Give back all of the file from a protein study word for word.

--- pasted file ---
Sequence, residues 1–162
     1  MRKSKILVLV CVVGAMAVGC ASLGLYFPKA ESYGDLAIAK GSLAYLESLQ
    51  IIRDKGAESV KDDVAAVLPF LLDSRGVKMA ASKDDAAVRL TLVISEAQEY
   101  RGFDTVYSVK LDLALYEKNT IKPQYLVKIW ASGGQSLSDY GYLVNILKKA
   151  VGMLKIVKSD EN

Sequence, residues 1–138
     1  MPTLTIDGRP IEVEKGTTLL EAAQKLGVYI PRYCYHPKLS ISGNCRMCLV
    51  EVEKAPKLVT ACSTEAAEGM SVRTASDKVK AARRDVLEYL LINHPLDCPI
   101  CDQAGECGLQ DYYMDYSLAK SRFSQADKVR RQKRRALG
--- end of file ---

Sequence, residues 1–162
     1  MRKSKILVLV CVVGAMAVGC ASLGLYFPKA ESYGDLAIAK GSLAYLESLQ
    51  IIRDKGAESV KDDVAAVLPF LLDSRGVKMA ASKDDAAVRL TLVISEAQEY
   101  RGFDTVYSVK LDLALYEKNT IKPQYLVKIW ASGGQSLSDY GYLVNILKKA
   151  VGMLKIVKSD EN

Sequence, residues 1–138
     1  MPTLTIDGRP IEVEKGTTLL EAAQKLGVYI PRYCYHPKLS ISGNCRMCLV
    51  EVEKAPKLVT ACSTEAAEGM SVRTASDKVK AARRDVLEYL LINHPLDCPI
   101  CDQAGECGLQ DYYMDYSLAK SRFSQADKVR RQKRRALG